“It is my ambition that STEM subjects are brought to fore,” says Edwina Dunn, pioneering data scientist and businesswoman. “As an employer, that’s what I value.” And considering her successes, she’s certainly qualified to comment.

After establishing the Tesco Clubcard and leading data into the digital age, Edwina sold her company DunnHumby in 2011. She continues to innovate in the field of data science and in 2015 was appointed trustee of the Baker Dearing Educational Trust—the charity behind UTCs. We caught up with her to find out more.

You’re a firm supporter of the UTC programme. Could you explain why?

“STEM subjects have relevance, importance and meaning in modern life—and crucially in jobs for the future. At the moment, subjects have become so theoretical there’s a danger young people won’t make that connection. The reality of the training at UTCs and the fact that they’re so job-orientated helps students hold on to the fact that this hard work they’re going through has meaning for their future.”

As an employer, what are the biggest problems you face relating to skill and talent in your own business?

“People don’t understand that rigorous subjects like Maths and Physics are fundamental to thousands and thousands of jobs—including my own! But the biggest problem is that people see grades as more important than subjects.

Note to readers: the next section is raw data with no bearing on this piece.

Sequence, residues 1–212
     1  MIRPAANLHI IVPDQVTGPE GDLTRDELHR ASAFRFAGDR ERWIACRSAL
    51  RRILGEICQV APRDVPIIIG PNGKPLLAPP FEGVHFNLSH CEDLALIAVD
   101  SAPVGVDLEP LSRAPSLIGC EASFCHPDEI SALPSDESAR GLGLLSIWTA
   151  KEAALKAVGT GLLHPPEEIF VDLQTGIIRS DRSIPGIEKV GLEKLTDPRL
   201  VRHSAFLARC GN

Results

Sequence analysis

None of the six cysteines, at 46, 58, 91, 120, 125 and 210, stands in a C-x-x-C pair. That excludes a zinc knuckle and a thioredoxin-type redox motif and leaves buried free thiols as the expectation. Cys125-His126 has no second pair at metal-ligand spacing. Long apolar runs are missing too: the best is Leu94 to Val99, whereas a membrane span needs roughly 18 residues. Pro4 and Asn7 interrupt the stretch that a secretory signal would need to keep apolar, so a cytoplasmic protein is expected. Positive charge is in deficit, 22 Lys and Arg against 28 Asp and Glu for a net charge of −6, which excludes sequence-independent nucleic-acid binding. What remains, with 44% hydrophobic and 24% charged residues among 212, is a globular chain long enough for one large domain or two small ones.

“If you’ve got an A-star in a non-technical subject, and a B in a really heavyweight one, there is a sort of a colour blindness there. As an employer, I would prefer someone who had studied STEM to a high level, even if they didn’t get an A-star or an A. It’s vitally important that students learn to love a subject.”

Do you think employers can do more to address this skills gap, or is it out of their hands?

“I think there is a gradual awakening that employers might actually be part of this problem. There’s a realisation that if people are being recruited purely on grades, those who are doing the technical subjects are sacrificed for those who have done non-technical subjects.”

There’s a nationwide shortage of scientists and engineers, but particularly of women in the field. Why do you think this is?

“At it’s peak, DunnHumby had 2,000 people and 50% of those were female. I’m really proud of that. But as you say, this isn’t the norm. I think it’s partly the language that puts girls off. They’re worried science is ‘geeky’ or ‘dead-end’. But these technically related jobs are creative, they’re rewarding—they aren’t underpaid or dead-end. They’re the jobs of the future.

“The facts are: jobs are there, girls are wanted, girls are skilled and they do very well in these industries—we need to keep fighting.”

What advice could you offer young girls looking to follow in your footsteps?

“Absolutely go for it! I’ve had the most fantastic career. I’ve travelled all over the world, I’ve been rewarded financially, I’ve been rewarded with the most amazing people I work with and I’ve never had a dull moment at work. What more can you ask for out of a career? It’s second to none, actually!”

What tips could you offer a young person considering attending a UTC?

“Go and see one. And talk to people who are enjoying their job subsequent to attending one. What better recommendation?”

Finally, why should people #ThinkUTC?

#ThinkUTC because the training has been carefully crafted to get a job at the end of it. And isn’t that everybody’s hope and purpose?”

Follow Edwina on Twitter: @edwina_dunn

Back to case studies